Yet another band arising from Seattle's embarrassment of avant-jazz riches, Chemical Clock is an aggressive and determined young band with a lot of good ideas and more than enough chops to pull them off. Led by keyboardist and composer Cameron Sharif
, the quartet's self-titled debut CD EP is a brief and refreshing blast of post- everything avant fusion. Keep in mind that the word "fusion" is a bit loaded. Fusion, to Sharif and his colleagues, means something very different than it did back in the 20th Century. The combination of Ray Larsen
's electric trumpet and Sharif's electric keys might suggest a set inspired by Miles Davis
' Bitches Brew
(Columbia, 1969)but while such influences are unavoidable, Chemical Clock is not about reinterpreting or regurgitating the past. Indeed, there is very little nostalgia going on here. The fusion here encompasses aspects of jazz, electronic dance music, prog-metal, contemporary classical music, and the indefinable electro-acoustic music currently being explored by edgy rock bands such as Lightning Bolt and Hella.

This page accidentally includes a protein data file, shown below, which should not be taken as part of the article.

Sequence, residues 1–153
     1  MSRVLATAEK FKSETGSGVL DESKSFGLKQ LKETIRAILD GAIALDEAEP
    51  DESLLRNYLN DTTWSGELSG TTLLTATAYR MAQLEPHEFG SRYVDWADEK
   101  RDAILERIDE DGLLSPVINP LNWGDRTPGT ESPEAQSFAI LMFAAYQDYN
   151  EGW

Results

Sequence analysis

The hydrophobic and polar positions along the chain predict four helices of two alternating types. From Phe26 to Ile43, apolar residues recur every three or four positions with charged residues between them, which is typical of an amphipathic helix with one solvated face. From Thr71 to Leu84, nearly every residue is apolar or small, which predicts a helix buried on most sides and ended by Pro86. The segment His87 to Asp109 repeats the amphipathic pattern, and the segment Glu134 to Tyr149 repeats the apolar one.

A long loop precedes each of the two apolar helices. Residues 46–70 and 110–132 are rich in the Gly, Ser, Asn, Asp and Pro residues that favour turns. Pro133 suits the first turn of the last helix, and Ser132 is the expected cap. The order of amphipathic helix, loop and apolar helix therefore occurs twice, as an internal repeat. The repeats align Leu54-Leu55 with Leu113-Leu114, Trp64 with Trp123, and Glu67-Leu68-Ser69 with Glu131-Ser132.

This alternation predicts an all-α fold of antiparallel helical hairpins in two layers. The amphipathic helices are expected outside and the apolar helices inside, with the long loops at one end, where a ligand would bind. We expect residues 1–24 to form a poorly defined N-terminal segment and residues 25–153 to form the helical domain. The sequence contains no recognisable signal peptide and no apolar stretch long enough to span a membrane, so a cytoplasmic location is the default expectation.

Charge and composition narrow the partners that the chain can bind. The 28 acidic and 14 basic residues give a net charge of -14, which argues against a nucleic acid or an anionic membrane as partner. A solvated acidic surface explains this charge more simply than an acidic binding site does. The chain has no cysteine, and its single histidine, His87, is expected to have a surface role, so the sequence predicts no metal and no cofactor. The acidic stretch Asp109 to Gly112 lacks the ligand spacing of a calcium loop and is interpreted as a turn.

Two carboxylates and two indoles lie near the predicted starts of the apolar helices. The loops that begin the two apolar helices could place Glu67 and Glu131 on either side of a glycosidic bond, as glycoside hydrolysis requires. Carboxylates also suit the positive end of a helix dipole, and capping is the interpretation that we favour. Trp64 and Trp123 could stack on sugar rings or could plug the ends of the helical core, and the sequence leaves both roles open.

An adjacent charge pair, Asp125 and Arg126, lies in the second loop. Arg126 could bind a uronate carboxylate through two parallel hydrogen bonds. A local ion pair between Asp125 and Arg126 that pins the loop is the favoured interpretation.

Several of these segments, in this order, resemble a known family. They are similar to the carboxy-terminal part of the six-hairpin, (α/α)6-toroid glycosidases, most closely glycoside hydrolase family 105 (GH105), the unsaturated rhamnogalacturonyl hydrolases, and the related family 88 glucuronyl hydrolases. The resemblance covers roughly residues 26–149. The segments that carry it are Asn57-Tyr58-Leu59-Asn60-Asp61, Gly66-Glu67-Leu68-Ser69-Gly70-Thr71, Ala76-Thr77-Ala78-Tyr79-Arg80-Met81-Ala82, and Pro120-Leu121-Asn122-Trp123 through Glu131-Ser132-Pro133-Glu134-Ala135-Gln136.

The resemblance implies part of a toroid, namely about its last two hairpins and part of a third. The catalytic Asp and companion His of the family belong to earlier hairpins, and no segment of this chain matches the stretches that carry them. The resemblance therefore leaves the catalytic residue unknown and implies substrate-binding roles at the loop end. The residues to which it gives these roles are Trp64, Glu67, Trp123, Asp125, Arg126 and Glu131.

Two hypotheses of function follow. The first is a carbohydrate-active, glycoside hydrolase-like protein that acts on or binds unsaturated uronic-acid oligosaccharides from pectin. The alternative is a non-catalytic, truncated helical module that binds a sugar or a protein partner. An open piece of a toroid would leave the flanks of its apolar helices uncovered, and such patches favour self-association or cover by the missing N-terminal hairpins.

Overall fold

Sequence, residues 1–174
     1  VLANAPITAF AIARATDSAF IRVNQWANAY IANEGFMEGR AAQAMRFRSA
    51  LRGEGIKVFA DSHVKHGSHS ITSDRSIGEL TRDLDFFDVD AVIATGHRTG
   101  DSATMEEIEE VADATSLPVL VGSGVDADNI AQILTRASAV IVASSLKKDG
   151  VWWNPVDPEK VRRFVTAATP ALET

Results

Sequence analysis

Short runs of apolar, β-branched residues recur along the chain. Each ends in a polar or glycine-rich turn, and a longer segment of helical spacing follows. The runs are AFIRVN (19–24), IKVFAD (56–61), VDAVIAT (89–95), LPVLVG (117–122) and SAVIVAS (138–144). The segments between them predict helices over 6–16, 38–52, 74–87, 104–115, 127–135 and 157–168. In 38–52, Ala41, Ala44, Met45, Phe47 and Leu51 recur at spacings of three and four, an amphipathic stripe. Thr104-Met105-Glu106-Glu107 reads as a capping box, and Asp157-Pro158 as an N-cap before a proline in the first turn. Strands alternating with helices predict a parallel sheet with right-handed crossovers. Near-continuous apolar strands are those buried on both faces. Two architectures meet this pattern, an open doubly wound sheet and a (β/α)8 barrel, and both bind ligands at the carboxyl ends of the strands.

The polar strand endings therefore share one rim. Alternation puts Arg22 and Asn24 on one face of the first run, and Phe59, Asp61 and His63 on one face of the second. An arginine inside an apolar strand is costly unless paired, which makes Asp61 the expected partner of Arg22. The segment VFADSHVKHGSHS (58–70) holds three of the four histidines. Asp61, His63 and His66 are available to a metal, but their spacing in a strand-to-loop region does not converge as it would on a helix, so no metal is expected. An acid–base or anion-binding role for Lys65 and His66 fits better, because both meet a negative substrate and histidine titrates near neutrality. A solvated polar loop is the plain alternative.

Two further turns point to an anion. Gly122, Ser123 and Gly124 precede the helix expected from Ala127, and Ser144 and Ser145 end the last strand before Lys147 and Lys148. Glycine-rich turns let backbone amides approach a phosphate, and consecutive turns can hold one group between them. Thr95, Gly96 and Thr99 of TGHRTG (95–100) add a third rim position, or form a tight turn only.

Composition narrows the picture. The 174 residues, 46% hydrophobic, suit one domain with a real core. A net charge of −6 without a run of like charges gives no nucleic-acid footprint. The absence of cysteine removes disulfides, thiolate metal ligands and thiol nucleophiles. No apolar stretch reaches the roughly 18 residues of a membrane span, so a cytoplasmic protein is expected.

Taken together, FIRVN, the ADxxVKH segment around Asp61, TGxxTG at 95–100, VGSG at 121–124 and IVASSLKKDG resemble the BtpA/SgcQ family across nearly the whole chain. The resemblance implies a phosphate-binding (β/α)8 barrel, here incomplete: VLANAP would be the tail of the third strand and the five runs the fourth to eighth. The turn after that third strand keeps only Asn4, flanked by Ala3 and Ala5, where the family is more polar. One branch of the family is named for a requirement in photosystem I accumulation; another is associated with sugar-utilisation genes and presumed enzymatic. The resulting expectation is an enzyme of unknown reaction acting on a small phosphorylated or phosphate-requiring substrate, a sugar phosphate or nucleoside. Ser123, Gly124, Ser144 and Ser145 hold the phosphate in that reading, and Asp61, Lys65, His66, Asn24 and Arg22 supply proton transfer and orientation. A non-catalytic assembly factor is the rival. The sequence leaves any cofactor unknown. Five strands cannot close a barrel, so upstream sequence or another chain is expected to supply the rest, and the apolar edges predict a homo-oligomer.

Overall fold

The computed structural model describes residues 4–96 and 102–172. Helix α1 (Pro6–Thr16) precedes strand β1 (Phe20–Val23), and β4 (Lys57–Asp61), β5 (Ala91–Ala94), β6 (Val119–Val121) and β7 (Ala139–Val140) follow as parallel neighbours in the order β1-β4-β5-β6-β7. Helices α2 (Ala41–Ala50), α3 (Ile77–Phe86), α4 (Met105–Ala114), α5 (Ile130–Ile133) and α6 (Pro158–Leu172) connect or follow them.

The opening title track is a carefully orchestrated exercise in sonic mayhem. Punctuated by a herky-jerky free-bop line played in unison, the band fervidly explores free improv and a manic variant of prog-metal in a rapid fire sequence reminiscent of John Zorn
's Naked City or one of Mike Patton's more jazz- oriented projects. "Blind Topographer" has an appealing minimalist slant to it. After a breakdown, Larsenhere effects-freebuilds a sweetly lyrical solo over the increasingly acrobatic, bounding rhythm section. "Neurotic Bricklayer" does something similar. Starting out with a violent, thrashy theme, the piece takes a detour through some ECM-inspired terrain to support another fine improvisation by Larsen. By contrast, Larsen takes an in-your-face approach with the electrified axe on "People In Particular," as it moves from from spaz- jazz to noise-rock and back.
On the band's less-aggressive side, there's "Undercurrent," with an orchestral synth wash and slow-burn crescendo that recalls trumpeter Cuong Vu
's recent Agogic
disc (on which drummer Evan Woodle
also plays a vital role). The closing "Gumball Machine" has an off- kilter, prog-rock majesty to it courtesy of Sharif's otherworldly synth and Mark Hunter
's subsonic bass. They also set the stage for another fine trumpet solo from Larsen. Taken together, these tracks are a far cry from what is normally expected from a trumpet-led quartet.
Refiguring fusion, prog-rock, and a panoply of edgy sub-sub-genres in various unexpected ways seems to be the raison d'être
for many Seattle bands these days. Chemical Clock
is one of the finest examples of this sort of activity. Hopefully, a full-length release is in the works.